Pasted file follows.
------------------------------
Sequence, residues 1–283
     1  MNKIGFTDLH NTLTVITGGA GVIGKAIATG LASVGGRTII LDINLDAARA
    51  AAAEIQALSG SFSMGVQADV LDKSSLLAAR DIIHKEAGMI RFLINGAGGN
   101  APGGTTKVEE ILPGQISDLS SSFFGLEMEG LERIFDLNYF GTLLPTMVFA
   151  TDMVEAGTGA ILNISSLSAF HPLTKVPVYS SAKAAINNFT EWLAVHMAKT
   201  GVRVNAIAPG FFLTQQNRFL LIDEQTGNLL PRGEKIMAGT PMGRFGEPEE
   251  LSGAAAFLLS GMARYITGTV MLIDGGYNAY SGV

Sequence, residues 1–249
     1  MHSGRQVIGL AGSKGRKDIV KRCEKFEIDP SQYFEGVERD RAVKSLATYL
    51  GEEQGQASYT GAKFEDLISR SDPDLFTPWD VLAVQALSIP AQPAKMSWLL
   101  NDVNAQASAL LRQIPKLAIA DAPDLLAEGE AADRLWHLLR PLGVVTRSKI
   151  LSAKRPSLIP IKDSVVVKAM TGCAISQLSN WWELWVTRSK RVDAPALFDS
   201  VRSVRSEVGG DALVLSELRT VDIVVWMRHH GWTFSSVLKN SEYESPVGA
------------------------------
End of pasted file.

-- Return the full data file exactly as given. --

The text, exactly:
Sequence, residues 1–283
     1  MNKIGFTDLH NTLTVITGGA GVIGKAIATG LASVGGRTII LDINLDAARA
    51  AAAEIQALSG SFSMGVQADV LDKSSLLAAR DIIHKEAGMI RFLINGAGGN
   101  APGGTTKVEE ILPGQISDLS SSFFGLEMEG LERIFDLNYF GTLLPTMVFA
   151  TDMVEAGTGA ILNISSLSAF HPLTKVPVYS SAKAAINNFT EWLAVHMAKT
   201  GVRVNAIAPG FFLTQQNRFL LIDEQTGNLL PRGEKIMAGT PMGRFGEPEE
   251  LSGAAAFLLS GMARYITGTV MLIDGGYNAY SGV

Sequence, residues 1–249
     1  MHSGRQVIGL AGSKGRKDIV KRCEKFEIDP SQYFEGVERD RAVKSLATYL
    51  GEEQGQASYT GAKFEDLISR SDPDLFTPWD VLAVQALSIP AQPAKMSWLL
   101  NDVNAQASAL LRQIPKLAIA DAPDLLAEGE AADRLWHLLR PLGVVTRSKI
   151  LSAKRPSLIP IKDSVVVKAM TGCAISQLSN WWELWVTRSK RVDAPALFDS
   201  VRSVRSEVGG DALVLSELRT VDIVVWMRHH GWTFSSVLKN SEYESPVGA